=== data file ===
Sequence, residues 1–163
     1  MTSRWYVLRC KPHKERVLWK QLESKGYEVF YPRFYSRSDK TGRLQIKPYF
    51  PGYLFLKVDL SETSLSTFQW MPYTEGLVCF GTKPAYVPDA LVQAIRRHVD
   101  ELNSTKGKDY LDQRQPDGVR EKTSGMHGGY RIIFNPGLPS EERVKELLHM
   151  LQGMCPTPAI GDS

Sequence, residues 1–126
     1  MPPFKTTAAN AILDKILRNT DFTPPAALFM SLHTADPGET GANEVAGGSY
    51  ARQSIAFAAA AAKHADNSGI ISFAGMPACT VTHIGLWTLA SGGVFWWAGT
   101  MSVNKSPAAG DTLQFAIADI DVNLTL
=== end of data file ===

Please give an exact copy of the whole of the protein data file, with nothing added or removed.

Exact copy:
Sequence, residues 1–163
     1  MTSRWYVLRC KPHKERVLWK QLESKGYEVF YPRFYSRSDK TGRLQIKPYF
    51  PGYLFLKVDL SETSLSTFQW MPYTEGLVCF GTKPAYVPDA LVQAIRRHVD
   101  ELNSTKGKDY LDQRQPDGVR EKTSGMHGGY RIIFNPGLPS EERVKELLHM
   151  LQGMCPTPAI GDS

Sequence, residues 1–126
     1  MPPFKTTAAN AILDKILRNT DFTPPAALFM SLHTADPGET GANEVAGGSY
    51  ARQSIAFAAA AAKHADNSGI ISFAGMPACT VTHIGLWTLA SGGVFWWAGT
   101  MSVNKSPAAG DTLQFAIADI DVNLTL